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Hotel de Dream: A New York Novelby Edmund White
Edmund White is one of American literature's best kept secrets, and Hotel de Dream is his finest novel in nearly a decade. Give this one a chance; I think you'll be pleasantly surprised. If you've never read any of White's novels, this is a fantastic place to start. If you have read White's work before, this one just might rekindle your interest in him.
Synopses & Reviews
In a damp, old sussex castle, American literary phenomenon Stephen Crane lies on his deathbed, wasting away from tuberculosis at the age of twenty-eight. The world-famous author of The Red Badge of Courage has retreated to England with his wife, Cora, in part to avoid gossip about her ignominious past as the proprietress of a Florida bordello, the Hotel de Dream.
Though Crane's days are numbered, he and Cora live riotously, running up bills they'll never be able to pay, receiving visitors like Henry James and Joseph Conrad, and even planning a mad dash to Germany's Black Forest, where Cora hopes a leading TB specialist will provide a miracle cure.
Then, in the midst of the confusion and gathering tragedy of their lives, Crane begins dictating a strange novel. The Painted Boy draws from Crane's erstwhile journalist days in New York in the 1890s, a poignant story about a boy prostitute and the married man who ruins his own life to win the boy's love. Crane originally planned the book as a companion piece to Maggie, Girl of the Streets, but abandoned it when literary friends convinced him that such scandalous subject matter would destroy his career. Now, with his last breath, Crane devotes himself to refashioning this powerful novel, into which he pours his fascination with the underworld, his sympathy for the poor, his experiences as a reporter among New York's lowlife — and his complex feelings for his own devoted wife.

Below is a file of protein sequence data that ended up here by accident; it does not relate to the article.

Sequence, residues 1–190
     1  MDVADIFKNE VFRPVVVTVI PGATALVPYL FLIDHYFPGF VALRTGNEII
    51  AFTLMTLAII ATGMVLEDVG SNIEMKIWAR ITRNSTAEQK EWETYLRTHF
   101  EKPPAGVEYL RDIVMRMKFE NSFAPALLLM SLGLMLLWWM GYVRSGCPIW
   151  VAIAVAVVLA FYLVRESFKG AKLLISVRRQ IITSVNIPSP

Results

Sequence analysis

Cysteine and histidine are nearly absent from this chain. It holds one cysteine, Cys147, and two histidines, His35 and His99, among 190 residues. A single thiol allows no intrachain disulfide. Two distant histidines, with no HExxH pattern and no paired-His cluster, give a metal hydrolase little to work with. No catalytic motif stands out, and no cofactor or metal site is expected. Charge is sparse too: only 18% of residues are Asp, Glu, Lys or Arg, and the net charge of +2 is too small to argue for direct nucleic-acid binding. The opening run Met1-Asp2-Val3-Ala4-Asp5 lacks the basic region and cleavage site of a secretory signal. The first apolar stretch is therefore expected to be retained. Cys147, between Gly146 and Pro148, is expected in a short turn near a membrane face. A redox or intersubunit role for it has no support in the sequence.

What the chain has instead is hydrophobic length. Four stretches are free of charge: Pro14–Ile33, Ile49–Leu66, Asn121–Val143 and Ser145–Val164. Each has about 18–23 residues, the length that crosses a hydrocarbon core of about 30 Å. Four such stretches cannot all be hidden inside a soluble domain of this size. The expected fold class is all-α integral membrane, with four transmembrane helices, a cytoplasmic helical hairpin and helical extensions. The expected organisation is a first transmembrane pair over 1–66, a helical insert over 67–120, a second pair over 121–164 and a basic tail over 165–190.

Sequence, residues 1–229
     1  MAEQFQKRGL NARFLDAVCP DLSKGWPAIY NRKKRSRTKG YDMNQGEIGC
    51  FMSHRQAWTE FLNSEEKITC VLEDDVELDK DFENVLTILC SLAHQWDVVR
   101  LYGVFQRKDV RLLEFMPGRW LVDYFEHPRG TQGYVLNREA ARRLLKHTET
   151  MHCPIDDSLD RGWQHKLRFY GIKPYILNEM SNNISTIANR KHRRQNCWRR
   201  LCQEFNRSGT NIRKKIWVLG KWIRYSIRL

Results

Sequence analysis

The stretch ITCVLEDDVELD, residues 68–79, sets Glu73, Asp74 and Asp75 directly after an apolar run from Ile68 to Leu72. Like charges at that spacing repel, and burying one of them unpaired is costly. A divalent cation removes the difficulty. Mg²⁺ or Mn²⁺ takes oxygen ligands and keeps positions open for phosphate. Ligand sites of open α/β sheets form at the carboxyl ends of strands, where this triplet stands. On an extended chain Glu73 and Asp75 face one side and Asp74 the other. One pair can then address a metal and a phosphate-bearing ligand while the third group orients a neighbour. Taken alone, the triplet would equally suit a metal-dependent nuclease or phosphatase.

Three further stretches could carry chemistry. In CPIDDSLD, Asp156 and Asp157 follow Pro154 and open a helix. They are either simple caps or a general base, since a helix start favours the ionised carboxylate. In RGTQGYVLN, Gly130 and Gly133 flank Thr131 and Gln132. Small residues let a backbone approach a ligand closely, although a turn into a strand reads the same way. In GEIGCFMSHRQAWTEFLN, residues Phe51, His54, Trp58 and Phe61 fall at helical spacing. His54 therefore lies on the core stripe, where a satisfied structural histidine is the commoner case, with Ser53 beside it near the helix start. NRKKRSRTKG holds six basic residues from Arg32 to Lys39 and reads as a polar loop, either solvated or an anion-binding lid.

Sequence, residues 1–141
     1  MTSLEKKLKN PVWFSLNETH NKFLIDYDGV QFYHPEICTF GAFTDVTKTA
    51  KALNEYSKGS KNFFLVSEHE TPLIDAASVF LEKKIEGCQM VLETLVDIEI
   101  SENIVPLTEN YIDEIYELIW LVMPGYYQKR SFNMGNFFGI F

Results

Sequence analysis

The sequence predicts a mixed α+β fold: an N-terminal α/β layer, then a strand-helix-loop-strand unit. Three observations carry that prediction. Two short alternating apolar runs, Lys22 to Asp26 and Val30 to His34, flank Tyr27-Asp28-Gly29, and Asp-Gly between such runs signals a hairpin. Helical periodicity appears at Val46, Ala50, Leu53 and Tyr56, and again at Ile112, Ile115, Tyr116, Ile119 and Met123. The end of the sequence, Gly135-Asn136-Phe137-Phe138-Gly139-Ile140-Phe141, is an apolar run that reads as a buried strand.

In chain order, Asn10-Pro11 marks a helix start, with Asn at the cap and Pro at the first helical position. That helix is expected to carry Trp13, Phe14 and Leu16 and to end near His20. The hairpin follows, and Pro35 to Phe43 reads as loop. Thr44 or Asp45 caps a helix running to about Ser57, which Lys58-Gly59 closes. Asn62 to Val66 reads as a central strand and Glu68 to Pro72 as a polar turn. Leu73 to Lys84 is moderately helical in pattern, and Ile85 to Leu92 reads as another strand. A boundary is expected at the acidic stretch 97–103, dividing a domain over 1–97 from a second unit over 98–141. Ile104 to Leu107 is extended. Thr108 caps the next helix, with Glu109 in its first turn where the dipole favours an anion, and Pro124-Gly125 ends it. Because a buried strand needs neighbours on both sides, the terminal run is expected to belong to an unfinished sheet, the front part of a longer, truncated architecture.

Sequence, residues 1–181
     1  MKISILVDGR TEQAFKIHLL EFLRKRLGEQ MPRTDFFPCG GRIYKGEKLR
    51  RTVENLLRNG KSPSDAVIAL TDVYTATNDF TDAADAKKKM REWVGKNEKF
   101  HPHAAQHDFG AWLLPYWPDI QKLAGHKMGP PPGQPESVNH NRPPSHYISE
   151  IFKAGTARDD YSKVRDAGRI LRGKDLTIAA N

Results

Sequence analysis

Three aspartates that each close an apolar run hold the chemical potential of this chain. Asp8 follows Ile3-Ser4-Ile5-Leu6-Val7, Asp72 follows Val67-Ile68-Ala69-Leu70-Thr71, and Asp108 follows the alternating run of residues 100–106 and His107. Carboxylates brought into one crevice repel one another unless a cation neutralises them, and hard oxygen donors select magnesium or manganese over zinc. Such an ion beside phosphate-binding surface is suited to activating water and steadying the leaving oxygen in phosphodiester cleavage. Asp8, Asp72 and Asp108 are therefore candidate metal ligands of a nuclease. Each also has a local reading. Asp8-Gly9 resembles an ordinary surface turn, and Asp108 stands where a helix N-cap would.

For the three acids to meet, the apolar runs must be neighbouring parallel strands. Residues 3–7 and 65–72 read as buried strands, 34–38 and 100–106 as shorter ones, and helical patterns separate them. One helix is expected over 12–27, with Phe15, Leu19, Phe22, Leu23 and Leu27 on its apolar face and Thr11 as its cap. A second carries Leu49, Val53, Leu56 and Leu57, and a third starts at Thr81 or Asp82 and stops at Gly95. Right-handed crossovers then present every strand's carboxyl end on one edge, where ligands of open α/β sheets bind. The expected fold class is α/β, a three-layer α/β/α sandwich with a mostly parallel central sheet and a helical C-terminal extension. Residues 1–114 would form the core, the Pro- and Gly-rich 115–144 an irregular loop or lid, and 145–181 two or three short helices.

Seamlessly flowing between the vibrant, seedy atmosphere of turn-of-the-century Manhattan and the quiet Sussex countryside, Hotel de Dream tenderly presents the double love stories of Cora and Crane, and the painted boy and his banker lover. The brilliant novel-within-a-novel combines the youthful simplicity of Crane's own prose with White's elegant sense of form, offering an unforgettable portrait of passion in all its guises.
"'A biographical fantasia, White's latest imagines the final days of the poet and novelist Stephen Crane (The Red Badge of Courage), who died of TB at age 28 in 1900. At the same time, White also imagines and writes The Painted Boy, a work that he has Crane say he began in 1895, but burned after warnings from a friend. Crane dictates a fresh start on the story to his common-law wife, Cora Stewart-Taylor. Interspersed within White's impressionistic account of Crane's life, The Painted Boy tells the tale of Elliott, a 'ganymede butt-boy buggaree.' Once a farm boy used by his widowed father and elder brothers like a girl, Elliott escapes to New York and begins a new life as a street hustler. Crane, dying overseas, asks that 'someone skilled and open minded' complete the novella. The wry Cora, in her earlier career as a madam at the Jacksonville, Fla. 'Hotel de Dream,' has some ideas of who among Crane's friends fits the bill. Though White's research and marshaling of slang are impressive, The Painted Boy approaches the sexual frankness of porn and reads improbably. But as White's book(s) build up steam, readers will let go of misgivings, caught up in Elliott's tragic love life and Crane's apocalyptic end. (Sept.)' Publishers Weekly (Copyright Reed Business Information, Inc.)" Publishers Weekly (Copyright Reed Business Information, Inc.)